Of course, Morgan isn’t the only one interested in the so-called Food of the Gods. There’s also Jack Bensington (Ralph Meeker), who owns a dog food company. Jack wants to sell the food. Why would Jack want to do that? Does he actually think that causing dogs to transform into giants who would undoubtedly try to kill their masters is somehow going to be good for his company’s reputation? Jack’s main motivation seems to be that he’s a businessman and, in this film’s moral universe, that automatically makes him one of the bad guys. But it seems like even an evil businessman would know better than to kill off all of his customers.

This 1976 film, which is loosely (very loosely) based on a novel by H.G. Wells, was directed by Bert I. Gordon and, if you think the plot sounds a little ludicrous …. well, it is. Nothing about the film really makes much sense but that’s kind of to expected from a Bert I. Gordon film. Gordon specialized in making films about giants destroying stuff. The films were never particularly good but Gordon obviously understood that American filmgoers love big things. Food of the Gods, as silly as it may be, apparently made a lot of money when it was first released.

Today, of course, it’s impossible to watch the film without noticing just how terrible the special effects are. Between the unconvincing use of super-imposed images and the obviously fake rats that are tossed at some of the actors, there’s not a single shot that doesn’t somehow look totally ridiculous. In fact, it’s all so silly and obviously done on the cheap that it becomes rather charming, or at least as charming as the superimposed image of giant wasp ever could possibly be. You have to admire the film’s determination to tell its story despite not having the resources to do so. As for the rest of the film, it’s dumb but it doesn’t take itself too seriously. If you’re specifically searching for a bad giant animal movie, The Food of the Gods is fun in its own goofy, nonsensical, low-budget way.

Creepozoids (1987, directed by David DeCoteau)

In 1992, society collapses due to a nuclear war.  In 1998, a group of army deserters are looking for a place to hide from the authorities when they come across an underground bunker in Los Angeles.  The bunker was once home to a research lab.  Even though all of the scientists are dead, the monster that they created is not and soon, the deserters are fighting for their lives, battling not just the monster but also giant rats.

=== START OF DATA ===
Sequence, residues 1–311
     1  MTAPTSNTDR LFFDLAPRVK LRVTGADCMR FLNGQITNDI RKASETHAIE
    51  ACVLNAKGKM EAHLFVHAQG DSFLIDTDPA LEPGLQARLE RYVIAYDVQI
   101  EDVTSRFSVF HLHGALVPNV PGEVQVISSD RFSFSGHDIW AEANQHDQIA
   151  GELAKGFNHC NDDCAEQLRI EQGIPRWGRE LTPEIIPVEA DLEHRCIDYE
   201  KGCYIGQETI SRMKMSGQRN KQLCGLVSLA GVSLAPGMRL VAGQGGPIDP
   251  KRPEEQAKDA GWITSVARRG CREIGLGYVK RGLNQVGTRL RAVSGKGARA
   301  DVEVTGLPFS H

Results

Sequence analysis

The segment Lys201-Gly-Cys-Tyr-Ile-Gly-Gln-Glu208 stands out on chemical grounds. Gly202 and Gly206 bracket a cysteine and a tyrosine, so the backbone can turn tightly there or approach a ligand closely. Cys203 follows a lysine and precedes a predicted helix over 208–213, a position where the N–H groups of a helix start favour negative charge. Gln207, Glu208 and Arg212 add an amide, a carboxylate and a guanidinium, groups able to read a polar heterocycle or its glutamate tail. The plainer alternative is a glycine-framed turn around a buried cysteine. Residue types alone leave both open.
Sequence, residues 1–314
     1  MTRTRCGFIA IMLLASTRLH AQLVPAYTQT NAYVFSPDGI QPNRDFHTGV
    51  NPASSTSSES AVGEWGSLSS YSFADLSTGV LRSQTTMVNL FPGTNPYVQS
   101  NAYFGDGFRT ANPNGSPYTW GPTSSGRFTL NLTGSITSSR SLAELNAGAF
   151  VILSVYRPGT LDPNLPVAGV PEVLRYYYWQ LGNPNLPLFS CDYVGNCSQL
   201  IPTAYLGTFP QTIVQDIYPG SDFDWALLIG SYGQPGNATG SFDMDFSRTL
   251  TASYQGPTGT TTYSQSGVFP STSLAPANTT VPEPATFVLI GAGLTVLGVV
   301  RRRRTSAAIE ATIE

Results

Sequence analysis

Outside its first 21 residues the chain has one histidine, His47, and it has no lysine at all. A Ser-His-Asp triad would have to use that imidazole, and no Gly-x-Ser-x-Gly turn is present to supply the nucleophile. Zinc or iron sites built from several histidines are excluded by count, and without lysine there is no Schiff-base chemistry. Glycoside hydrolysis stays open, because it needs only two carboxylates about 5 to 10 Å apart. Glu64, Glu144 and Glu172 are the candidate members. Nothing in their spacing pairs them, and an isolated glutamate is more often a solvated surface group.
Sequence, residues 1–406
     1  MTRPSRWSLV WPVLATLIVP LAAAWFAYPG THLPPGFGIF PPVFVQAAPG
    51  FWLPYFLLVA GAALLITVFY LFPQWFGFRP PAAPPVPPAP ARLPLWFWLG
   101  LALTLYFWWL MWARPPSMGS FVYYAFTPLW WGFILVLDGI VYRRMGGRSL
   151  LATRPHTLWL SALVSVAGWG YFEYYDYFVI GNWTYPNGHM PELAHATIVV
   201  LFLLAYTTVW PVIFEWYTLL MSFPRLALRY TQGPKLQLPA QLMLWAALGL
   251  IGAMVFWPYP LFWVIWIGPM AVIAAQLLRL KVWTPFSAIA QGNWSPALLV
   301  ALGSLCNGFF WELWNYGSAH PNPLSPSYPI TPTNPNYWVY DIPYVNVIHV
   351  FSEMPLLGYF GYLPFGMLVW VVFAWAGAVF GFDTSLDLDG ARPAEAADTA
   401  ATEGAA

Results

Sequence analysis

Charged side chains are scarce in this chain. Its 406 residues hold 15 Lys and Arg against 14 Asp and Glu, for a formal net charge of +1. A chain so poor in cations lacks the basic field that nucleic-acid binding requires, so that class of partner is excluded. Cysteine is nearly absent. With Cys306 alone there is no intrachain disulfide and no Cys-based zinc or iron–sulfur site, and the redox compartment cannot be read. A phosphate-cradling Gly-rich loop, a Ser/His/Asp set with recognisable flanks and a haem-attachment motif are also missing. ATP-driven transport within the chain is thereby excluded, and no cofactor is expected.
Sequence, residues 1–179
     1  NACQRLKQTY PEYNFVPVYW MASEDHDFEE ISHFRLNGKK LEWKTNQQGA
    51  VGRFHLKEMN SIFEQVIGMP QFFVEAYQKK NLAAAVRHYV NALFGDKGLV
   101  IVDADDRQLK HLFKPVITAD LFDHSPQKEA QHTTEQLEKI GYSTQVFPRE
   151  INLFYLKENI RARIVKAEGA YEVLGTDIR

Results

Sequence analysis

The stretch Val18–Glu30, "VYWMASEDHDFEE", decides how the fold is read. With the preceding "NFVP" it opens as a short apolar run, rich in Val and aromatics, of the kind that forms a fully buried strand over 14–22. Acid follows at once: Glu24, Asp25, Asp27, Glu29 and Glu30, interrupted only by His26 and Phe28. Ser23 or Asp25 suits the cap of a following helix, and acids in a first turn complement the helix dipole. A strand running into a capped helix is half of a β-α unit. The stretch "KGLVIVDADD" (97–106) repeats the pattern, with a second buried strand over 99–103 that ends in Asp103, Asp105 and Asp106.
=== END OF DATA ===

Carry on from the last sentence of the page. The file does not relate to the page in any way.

Creepozoids is a low-budget Alien rip-off.  It’s actually a little incredible just how closely Creepozoids copies Alien, right down to a monster that can spit acid and a scene where someone has a fatal seizure while eating dinner.  The monster itself is not badly realized but the giant rats are obviously just stuffed animals that are being tossed on the cast by crew members standing off-camera.  Though the film takes place in what was then the “near future,” it’s an 80s production all the way through.  The top secret government lab as a bulky computer that only one of the deserters knows how to use.  The secrets to genetic modification are stored on a 8-inch floppy disk.  Most 80s and 90s kids will get nostalgic watching this movie.

One of the deserters is played by Linnea Quigley, which is the main reason why Creepozoids retains a cult following.  While the rest of the deserters want to search the bunker and look for supplies, Linnea’s main concern is trying out the facility’s shower.  (Good news, it works!)  Linnea Quigley appeared in many bad films but she always brought a lot of sincerity and good humor to her performances.  In Creepozoids she gamely wrestles with a stuffed rat and proves herself to be one of the best screamers of the 80s DTV horror industry.  The rest of the cast is interchangeable but, as always, Linnea earns her screen queen crown.

Creepozoids is a lesser imitation of Alien but, seen today, it benefits from nostalgia.  I can still remember Creepozoids showing up on Cinemax, late at night and with a warning that the movie featured not only adult language but also nudity and violence.  (Was anyone ever dissuaded by the Cinemax content warnings?)  This is one of the B-movies that made being an 90s kid fun!

Game Review: Use Your Psychic Powers At Applebee’s (2022, Geoffrey Golden)

Because you have the power to read minds and implant suggestions, you have been hired to serve as Schtupmeister Beer’s first Psychic Brand Ambassador.  Your job is to go to restaurants and mentally suggest to customers that they try out Schtupmeister.  What better place to start than Applebee’s?